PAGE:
Crew Module (CM): The part of the spacecraft where the astronauts live and work

Crew Module Weight: The total weight of the CM including provisions and the crew

Crew Size (Crew): The total number of astronauts needed to conduct a specific space mission

Dry Weight (m1): The weight of the spacecraft fully loaded excluding the propellant

Engine Module (EM): The part of a spacecraft that holds the propellant tanks and the rocket engine

Exhaust Velocity (vEXH): The speed of the escaping gas exiting a rocket engine

Gross Weight (m0): The weight of the spacecraft fully loaded including the propellant

Inert Weight: The empty weight of the EM

Lunar Orbit Insertion (LOI): The rocket burn that places a spacecraft into Low Lunar Orbit (LLO)

Mid-Course Correction (MCC): The rocket burn that keeps the spacecraft on course

Mission Duration: The total time needed to accomplish a specific space mission

RL10 Engine: The name of the rocket engine used in the Engine Module (EM)

Standard Gravity (g0): The acceleration due to free fall on Earth, equal to 9.80665 m/s2

Specific Impulse (ISP): The force with respect to the amount of propellant used per unit of time

Trans-Lunar Injection (TLI): The rocket burn that places a spacecraft on a trajectory to the Moon


A long time ago, in a galaxy very near our own, there once existed a wondrous vision of the future, where spacecraft were bountiful, and imaginations could soar.

Given our astronautics concepts for S.T.E.M. education projects, the Boeing Space Tug Study (circa 1971) exemplifies this penultimate vision. Notably, it was a complete design that not only included a Crew Module (CM), but also an Engine Module (EM).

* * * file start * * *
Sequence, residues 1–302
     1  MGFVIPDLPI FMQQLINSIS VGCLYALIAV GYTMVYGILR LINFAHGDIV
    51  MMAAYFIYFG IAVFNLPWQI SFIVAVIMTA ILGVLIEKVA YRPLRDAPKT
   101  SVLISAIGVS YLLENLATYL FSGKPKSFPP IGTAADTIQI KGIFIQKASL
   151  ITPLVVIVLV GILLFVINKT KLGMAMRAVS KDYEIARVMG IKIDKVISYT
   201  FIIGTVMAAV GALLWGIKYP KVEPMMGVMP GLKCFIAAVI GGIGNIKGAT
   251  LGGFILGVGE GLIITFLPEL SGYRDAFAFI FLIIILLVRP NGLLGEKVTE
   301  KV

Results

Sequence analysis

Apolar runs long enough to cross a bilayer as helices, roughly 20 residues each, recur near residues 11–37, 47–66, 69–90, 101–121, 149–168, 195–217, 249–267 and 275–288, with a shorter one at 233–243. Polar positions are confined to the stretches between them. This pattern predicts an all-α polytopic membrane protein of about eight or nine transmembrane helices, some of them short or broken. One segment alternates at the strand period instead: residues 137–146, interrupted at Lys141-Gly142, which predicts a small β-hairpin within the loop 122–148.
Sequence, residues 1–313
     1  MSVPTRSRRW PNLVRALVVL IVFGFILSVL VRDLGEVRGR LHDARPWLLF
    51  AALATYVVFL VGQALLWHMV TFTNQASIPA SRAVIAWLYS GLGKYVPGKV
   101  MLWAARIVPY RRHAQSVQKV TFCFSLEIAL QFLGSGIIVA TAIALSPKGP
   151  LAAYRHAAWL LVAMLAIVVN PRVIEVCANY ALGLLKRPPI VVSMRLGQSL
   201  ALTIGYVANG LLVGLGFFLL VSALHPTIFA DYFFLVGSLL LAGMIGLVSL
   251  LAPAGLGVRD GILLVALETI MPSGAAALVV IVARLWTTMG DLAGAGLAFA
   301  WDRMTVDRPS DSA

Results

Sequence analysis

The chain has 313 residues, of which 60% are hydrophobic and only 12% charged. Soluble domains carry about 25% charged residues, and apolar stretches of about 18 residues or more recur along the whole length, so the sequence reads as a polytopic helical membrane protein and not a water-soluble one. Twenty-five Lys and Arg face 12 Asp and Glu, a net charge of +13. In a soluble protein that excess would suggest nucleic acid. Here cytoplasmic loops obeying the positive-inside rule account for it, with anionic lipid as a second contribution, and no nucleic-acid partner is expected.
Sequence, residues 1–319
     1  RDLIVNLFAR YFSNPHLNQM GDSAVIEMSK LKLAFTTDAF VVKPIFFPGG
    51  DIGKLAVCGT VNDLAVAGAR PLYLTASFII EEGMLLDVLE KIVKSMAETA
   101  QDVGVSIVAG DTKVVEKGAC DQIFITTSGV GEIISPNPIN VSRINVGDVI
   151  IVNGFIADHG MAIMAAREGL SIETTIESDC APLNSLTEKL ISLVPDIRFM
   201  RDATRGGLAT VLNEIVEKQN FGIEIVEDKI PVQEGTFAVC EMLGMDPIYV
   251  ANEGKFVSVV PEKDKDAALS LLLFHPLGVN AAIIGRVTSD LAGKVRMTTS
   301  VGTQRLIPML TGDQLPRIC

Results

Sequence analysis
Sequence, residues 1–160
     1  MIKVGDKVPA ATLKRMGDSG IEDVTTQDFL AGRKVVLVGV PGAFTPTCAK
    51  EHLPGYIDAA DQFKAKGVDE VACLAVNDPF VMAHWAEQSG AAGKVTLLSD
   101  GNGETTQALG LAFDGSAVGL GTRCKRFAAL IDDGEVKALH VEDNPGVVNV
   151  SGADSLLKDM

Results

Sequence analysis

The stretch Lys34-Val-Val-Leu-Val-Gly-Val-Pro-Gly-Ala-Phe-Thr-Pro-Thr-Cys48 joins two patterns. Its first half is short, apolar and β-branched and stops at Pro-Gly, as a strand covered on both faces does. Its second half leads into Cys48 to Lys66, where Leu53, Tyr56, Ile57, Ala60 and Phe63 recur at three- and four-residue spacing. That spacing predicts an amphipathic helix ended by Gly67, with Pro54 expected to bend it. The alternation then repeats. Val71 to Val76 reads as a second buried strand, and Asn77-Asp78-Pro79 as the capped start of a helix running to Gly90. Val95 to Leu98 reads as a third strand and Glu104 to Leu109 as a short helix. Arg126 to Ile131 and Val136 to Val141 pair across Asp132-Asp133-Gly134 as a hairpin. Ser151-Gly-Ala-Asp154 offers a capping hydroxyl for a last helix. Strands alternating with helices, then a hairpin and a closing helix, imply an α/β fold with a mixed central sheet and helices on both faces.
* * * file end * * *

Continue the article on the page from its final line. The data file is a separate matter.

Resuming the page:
The CM would have housed the astronauts and all of their supplies, including food, oxygen, science equipment, etc.

The EM would have contained the rocket engine, propellant, tanks, electrical supply, etc.

Illustration of the Boeing Space Tug. Credit: Mark Wade

Illustration of the Boeing Space Tug. Credit: Mark Wade

The CM and EM were to be attached together, and the two would have become one, as they say. The design was very much similar to the Apollo spacecraft that heralded NASA’s endeavors in the so-called space race of that era. Hence, a near twin to the Apollo design.

It really would have been quite an awesome machine, because the EM could have been able to carry any type of payload, whether it was the CM or satellites or whatever. Overall, the Boeing Space Tug design was inspirational as well as functional. Remarkable for the year 1971!

That being said, the spacecraft was never built! However, we can still make something good out of its advanced design. Namely, our S.T.E.M. classroom projects geared to this study posits our students working on real space missions using a real spaceship model and real numbers. In short, there are real-world implications in our applied concepts and mathematics.

So can we make this space vehicle finally fly in space; all the way to the Moon? You bet your last rocket!

Analysis: CM

Spacecraft habitat weight depends on many factors, such as the number of astronauts needed or the duration of the mission. Some CM component weights will vary depending on these factors (such as Environmental Control and Life Support Systems), while others will weigh the same no matter what (such as the CM structure itself).

Diagram of the Boeing Space Tug Crew Module (CM). Credit: Boeing

Diagram of the Boeing Space Tug Crew Module (CM). Credit: Boeing

The Space Tug CM graphic shows that a crew of fifteen would have allowed for a two-day mission, and the CM would have weighed 9,386 pounds, whereas a crew of three would have yielded a fifty-day mission and would have weighed 9,755 pounds (all figures would have included the weight of the crew). These numbers look suspiciously like points on a Cartesian graph, which means that they may be linear equations.

We’ll make the Crew Size (Crew) the independent variable. Therefore we get the points (3, 50) & (15, 2) and (3, 9755) & (15, 9386). We can thus calculate the slope and the y-intercepts of the two linear equations.

Slope1 = 2 – 50 / 15 – 2 = -48/12 = –4

y–int1 = 2–(–4)(15) = 2 + 60 = 62

Slope2 = 9386 – 9755 / 15 – 3= –369 / 12 = – 30.75

y – int2 = 9386 – (– 30.75)(15) = 9386 + 461.25 = 9, 847.25

Therefore, the two linear equations for the Boeing Space Tug CM are:

Mission Duration = 4Crew + 62